Autosub, a robot submarine built and developed by the UK's National Oceanography Centre, Southampton, has successfully completed a high-risk campaign of six missions travelling under an Antarctic glacier.
Autosub has been exploring Pine Island Glacier, a floating extension of the West Antarctic ice sheet, using sonar scanners to map the seabed and the underside of the ice as it juts into the sea. Scientists hope to learn why the glacier has been thinning and accelerating over recent decades. Pine Island Glacier is in the Amundsen Sea, part of the South Pacific bordering West Antarctica. Changes in its flow have been observed since the early 1970s, and together with neighbouring glaciers it is currently contributing about 0.25 mm a year to global sea level rise.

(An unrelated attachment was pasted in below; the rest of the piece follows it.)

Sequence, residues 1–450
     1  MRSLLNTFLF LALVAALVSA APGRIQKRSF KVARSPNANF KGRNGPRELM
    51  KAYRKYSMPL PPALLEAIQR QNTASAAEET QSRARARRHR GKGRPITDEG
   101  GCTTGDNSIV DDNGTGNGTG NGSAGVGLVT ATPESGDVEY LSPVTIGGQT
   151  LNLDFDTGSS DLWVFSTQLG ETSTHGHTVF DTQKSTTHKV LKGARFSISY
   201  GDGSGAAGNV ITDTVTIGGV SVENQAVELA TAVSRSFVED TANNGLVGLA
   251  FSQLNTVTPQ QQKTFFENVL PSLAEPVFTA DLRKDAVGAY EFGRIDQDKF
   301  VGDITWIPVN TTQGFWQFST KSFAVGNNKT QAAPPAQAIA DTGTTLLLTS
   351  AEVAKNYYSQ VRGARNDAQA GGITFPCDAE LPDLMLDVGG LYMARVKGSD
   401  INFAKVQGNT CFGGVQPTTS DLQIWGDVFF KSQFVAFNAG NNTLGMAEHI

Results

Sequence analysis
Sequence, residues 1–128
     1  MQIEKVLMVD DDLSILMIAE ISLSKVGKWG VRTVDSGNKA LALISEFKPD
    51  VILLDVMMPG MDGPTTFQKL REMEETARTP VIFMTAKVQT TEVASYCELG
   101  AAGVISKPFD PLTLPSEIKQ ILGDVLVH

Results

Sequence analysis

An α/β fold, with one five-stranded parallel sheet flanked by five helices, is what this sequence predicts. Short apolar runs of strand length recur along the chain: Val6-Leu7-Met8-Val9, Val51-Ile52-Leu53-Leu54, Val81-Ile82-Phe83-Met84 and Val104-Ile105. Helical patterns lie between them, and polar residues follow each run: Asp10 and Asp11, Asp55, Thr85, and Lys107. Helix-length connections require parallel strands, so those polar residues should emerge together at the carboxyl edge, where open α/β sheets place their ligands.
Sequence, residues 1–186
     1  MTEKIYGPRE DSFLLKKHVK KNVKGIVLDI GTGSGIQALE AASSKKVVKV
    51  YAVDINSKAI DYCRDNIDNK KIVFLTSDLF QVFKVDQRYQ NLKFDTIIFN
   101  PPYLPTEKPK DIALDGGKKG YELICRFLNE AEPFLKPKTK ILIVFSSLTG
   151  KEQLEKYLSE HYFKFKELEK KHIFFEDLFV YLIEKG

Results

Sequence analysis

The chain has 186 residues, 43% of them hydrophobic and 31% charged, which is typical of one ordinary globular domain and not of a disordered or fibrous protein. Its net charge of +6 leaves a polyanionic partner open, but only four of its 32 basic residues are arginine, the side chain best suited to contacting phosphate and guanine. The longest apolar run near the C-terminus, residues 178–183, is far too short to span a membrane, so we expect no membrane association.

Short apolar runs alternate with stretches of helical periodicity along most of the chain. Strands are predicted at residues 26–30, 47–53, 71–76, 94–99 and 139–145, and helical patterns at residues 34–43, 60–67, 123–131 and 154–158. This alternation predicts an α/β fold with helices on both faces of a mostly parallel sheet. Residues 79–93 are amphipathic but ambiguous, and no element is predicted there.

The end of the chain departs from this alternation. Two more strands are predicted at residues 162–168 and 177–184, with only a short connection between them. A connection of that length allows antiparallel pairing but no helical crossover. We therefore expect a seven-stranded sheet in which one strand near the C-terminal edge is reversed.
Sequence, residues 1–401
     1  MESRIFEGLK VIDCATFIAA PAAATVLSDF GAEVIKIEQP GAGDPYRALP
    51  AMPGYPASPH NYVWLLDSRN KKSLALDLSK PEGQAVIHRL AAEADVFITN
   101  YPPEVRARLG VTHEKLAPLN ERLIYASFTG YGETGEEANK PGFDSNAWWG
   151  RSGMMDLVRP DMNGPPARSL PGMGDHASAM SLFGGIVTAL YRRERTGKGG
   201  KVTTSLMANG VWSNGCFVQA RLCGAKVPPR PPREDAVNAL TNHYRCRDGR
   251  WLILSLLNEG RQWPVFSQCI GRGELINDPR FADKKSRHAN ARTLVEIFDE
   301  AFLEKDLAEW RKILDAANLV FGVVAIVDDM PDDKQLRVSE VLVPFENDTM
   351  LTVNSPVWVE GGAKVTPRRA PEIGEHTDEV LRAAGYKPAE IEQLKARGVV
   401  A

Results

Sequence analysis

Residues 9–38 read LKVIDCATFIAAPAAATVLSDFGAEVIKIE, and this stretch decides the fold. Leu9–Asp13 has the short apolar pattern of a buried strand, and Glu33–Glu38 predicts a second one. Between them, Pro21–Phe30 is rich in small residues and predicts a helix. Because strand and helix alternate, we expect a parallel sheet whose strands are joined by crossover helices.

Steve McPhail led the Autosub team during the ten-day survey. He said:
"Autosub is a completely autonomous robot: there are no connecting wires with the ship and no pilot. Autosub has to avoid collisions with the jagged ice overhead and the unknown seabed below, and return to a predefined rendezvous point, where we crane it back onboard the ship.
"Adding to the problems are the sub zero water temperatures and the crushing pressures at 1000 m depth. All systems on the vehicle must work perfectly while under the ice or it would be lost. There is no hope of rescue 60 km in, with 500 metres of ice overhead."
An international team of scientists led by Dr Adrian Jenkins of British Antarctic Survey and Stan Jacobs of the Lamont-Doherty Earth Observatory, Columbia University, New York on the American ship, the RVIB Nathaniel B Palmer, has been using the robot sub to investigate the underside of the ice and measure changes in salinity and temperature of the surrounding water.
After a test mission in unusually ice-free seas in front of the face of the glacier, they started with three 60km forays under the floating glacier and extended the length of missions
|Contact: Kim Marshall-Brown|
National Oceanography Centre, Southampton (UK)